Jimmy Dague, whose Century 21 Aadvantage Gold franchise in Las Vegas led the company worldwide in sales from 2002 through 2006, has filed Chapter 11 bankruptcy.
“I think there will be more; I can’t imagine how the smaller brokers are paying their bills,” Dague said. “Maybe they can fund their overhead from their own personal savings. But I honestly don’t believe there are five companies in town right now that are very profitable. There’s just not enough sales going on.”
Perhaps not. But viewing the situation from a distance, it seems smaller brokerages are well positioned to ride out the market – particularly the 100 percent shops where there’s next to no overhead (including training expense, in most cases.) Dague alludes to the lack of adjustment in his own business plan as sales slowed in 2006:
The 54-year-old said that even when his business was Century 21’s top seller in 2006, he still lost money. Dague said that’s because his sales fell 60 percent from 2005 to 2006, but he kept the same number of staff – and the same overhead – in his nine offices.
The article points out there were 1,300 sales last month in Las Vegas spread among the city’s 1,400 brokerage offices. So clearly, there are fundamental issues at play there that may not exist elsewhere – at least not yet.
But on a more macro level, the problem seems to be as much about infrastructure built during the boom than about the market itself. Many industries go through the same type of issues – I rode it out at Schwab, other industries are cutting back as we speak to adjust to changed demand.
Oddly enough, this article got me thinking one again of Redfin – a company hailed as the catalyst for the real estate revolution. Redfin has substantial overhead, as evidenced by the IV drop of venture capital that has kept the company afloat. There are technological costs, to be sure, but Redfin also pays its agents on salary. And that can become costly for a company trying to survive on a single basis point on most sales.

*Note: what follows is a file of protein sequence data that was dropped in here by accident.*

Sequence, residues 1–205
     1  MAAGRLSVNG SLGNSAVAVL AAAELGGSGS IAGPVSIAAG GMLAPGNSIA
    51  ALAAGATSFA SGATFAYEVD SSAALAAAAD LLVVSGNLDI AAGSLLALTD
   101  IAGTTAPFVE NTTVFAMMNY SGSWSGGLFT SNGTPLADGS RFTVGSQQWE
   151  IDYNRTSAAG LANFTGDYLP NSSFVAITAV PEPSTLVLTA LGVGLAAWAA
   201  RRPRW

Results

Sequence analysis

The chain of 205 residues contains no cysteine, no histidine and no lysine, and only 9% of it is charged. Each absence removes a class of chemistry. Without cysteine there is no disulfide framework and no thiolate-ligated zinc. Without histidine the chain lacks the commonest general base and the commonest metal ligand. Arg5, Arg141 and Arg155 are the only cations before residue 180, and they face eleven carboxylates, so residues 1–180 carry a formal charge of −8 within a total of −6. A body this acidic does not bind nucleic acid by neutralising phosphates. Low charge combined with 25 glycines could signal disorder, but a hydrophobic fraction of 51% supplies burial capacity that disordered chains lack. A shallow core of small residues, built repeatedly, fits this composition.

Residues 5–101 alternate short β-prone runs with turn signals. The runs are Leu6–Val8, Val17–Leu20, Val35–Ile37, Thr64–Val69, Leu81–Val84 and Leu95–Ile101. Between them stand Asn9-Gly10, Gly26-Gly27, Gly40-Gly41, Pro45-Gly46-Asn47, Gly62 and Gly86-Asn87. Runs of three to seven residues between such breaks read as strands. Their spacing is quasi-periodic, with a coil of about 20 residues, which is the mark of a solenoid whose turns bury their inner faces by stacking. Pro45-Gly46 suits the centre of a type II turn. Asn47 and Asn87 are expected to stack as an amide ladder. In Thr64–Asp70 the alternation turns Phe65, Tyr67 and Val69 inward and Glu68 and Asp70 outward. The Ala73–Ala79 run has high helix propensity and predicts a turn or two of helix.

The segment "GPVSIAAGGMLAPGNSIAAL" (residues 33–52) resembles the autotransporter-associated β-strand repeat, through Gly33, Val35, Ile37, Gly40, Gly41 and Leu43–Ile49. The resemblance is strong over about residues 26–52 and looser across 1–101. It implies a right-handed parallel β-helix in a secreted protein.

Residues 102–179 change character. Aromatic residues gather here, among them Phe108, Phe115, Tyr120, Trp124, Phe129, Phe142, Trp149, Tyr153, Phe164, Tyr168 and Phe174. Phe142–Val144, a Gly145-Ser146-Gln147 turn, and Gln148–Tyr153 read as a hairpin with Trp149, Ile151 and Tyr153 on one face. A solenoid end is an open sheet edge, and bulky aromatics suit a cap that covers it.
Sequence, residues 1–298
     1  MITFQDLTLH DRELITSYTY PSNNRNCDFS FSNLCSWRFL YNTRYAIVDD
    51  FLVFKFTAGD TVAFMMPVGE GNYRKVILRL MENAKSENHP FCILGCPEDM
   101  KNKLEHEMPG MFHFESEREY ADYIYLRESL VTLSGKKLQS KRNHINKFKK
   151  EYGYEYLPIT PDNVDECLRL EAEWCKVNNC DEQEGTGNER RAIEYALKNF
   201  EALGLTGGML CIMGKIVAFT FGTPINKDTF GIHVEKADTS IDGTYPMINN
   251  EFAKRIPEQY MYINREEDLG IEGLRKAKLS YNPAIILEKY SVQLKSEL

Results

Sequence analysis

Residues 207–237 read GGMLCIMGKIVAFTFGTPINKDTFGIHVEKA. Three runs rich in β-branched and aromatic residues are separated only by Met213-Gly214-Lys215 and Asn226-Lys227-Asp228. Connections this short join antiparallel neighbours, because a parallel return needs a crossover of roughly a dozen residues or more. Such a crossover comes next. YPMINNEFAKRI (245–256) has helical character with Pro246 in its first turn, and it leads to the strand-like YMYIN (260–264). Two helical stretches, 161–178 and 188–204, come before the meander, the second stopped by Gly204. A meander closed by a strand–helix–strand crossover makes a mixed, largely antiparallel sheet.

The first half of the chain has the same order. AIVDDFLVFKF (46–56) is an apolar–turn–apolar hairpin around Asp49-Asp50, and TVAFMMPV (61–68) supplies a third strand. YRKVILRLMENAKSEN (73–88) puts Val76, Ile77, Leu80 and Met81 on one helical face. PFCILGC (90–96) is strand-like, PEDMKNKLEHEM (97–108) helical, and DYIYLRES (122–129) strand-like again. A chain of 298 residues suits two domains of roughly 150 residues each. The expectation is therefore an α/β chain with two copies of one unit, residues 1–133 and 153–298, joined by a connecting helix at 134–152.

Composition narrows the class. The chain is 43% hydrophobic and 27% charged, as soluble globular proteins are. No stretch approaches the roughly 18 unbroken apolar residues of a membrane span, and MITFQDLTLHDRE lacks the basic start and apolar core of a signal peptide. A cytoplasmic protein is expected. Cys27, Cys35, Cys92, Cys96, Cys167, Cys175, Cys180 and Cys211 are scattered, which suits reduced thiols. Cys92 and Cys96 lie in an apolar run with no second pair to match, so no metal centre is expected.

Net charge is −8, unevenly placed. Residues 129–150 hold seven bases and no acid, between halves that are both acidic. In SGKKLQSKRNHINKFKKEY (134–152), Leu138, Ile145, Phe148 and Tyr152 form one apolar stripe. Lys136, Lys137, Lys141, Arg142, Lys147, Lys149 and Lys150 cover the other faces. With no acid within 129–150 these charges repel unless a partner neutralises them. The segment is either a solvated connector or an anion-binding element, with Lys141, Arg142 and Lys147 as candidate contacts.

Sadly for the consumer, the current changes make the 100 percent models where agents pay desk fees and the companies have little overhead per agent the most efficient. And it is sad, as many of these agents receive little to no training beyond the state’s licensing.
One other side note. The article said companies are being forced to advertise more to try and generate more business. Higher advertising costs don’t always translate into higher sales volume. Maybe for the Russell Shaws of the world. But many of us are attacking the market share in a cost-effective manner through the web.
I’ll likely never be the top selling agent in Century 21. But I’m still plugging along, creating business through seven websites and my personal referral network. Would I like more? Absolutely. But as long as I have enough to survive the bottoming of the market, that’s all I can ask as it puts me ahead of many others.[tags]Century 21, real estate marketing, Las Vegas Real Estate, Phoenix real estate[/tags]